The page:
But citizens still invoke the 1999 Constitution, flawed as it may be. It’s the document that gives us the best way to demand our rights. Even if it is an extremely presidentialist constitution, army oriented, with a very broad concept of State intervention in the economy, that never solved the never ending problem of an equal Federation design; it’s a Carta Magna that does acknowledge those civil, political, economic, cultural, and environmental rights that are defended nowadays in modern constitutions, and in a very broad and important way. Those rights whose exercise and protection has been denied time and time again.

The constitutional system in a country is a set of principles and rules that carry constitutional weight, and as they organize the State, they also recognize the rights of the people. That constitutional system determines if the State is one of central or decentralized nature, if it’s monarchic or republican, or if its economic order is tilted more to the left or the right. Venezuela has a constitutional tradition that began in 1811 and still has important issues to resolve.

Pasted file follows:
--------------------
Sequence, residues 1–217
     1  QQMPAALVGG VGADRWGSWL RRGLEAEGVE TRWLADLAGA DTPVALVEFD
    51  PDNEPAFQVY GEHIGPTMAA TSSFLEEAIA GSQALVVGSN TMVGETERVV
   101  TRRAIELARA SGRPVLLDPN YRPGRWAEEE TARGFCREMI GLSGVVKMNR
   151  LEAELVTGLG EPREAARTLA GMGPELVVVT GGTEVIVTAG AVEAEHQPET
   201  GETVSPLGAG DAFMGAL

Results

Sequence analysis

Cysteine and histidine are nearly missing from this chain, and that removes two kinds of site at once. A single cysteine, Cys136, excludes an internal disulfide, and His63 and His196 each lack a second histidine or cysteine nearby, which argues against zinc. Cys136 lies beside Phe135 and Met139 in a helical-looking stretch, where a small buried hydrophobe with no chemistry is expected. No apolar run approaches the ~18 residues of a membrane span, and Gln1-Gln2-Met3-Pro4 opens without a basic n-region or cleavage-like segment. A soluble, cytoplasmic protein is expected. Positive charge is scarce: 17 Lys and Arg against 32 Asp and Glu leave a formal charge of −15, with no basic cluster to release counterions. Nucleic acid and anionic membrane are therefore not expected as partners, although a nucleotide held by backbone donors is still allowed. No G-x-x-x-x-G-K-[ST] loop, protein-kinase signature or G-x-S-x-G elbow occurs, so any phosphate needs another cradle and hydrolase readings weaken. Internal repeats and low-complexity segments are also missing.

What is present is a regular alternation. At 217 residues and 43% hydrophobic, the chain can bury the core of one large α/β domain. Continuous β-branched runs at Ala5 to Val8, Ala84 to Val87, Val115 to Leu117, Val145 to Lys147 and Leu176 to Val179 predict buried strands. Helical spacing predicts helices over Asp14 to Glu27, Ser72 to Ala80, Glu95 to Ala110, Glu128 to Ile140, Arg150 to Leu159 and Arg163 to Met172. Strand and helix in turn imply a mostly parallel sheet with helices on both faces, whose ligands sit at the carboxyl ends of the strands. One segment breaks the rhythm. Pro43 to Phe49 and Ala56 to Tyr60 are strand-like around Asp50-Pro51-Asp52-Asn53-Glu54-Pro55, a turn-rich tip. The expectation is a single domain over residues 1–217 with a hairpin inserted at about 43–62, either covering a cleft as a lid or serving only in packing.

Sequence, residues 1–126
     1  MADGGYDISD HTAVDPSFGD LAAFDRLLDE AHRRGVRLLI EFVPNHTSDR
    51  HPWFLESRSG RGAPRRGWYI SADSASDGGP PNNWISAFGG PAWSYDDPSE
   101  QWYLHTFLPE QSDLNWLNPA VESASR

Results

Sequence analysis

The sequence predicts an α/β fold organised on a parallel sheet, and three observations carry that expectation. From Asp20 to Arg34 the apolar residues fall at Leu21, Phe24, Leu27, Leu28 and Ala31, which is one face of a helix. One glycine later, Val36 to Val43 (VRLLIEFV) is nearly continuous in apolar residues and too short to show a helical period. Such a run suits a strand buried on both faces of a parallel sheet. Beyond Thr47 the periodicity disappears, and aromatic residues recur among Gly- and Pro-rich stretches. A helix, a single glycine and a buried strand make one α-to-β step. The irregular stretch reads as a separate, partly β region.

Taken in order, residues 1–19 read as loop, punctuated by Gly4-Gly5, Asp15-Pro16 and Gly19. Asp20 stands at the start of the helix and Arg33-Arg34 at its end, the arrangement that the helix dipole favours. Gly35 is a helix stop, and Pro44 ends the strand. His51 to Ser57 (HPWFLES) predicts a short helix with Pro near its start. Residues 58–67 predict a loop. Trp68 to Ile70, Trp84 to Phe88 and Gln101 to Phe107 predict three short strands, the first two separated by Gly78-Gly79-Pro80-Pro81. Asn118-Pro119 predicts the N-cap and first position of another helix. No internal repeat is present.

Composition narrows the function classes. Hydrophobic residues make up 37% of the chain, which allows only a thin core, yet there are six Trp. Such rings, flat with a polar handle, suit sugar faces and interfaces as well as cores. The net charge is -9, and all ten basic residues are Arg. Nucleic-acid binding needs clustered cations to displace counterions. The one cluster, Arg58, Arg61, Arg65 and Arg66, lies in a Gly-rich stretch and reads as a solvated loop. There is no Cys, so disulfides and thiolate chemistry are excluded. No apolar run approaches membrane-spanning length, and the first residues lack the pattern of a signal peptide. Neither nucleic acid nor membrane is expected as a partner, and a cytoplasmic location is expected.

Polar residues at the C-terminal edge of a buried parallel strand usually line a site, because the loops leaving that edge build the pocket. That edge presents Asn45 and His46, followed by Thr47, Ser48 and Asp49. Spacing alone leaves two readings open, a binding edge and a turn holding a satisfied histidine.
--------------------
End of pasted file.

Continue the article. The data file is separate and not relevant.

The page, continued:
What limits should the president have? How far should the competence of states and municipalities go? What role should the State have in the constitutional system? These are unanswered questions, as well as many others, which are fundamental in designing a State that serves its citizens.

They all require an objective introspection, even in these difficult circumstances Venezuelans live today. To rethink our constitutional system is, without a doubt, one of the most important challenges on which we can work today. And that also includes revising the Constitution that has been in effect for twenty years of traumatic transformations.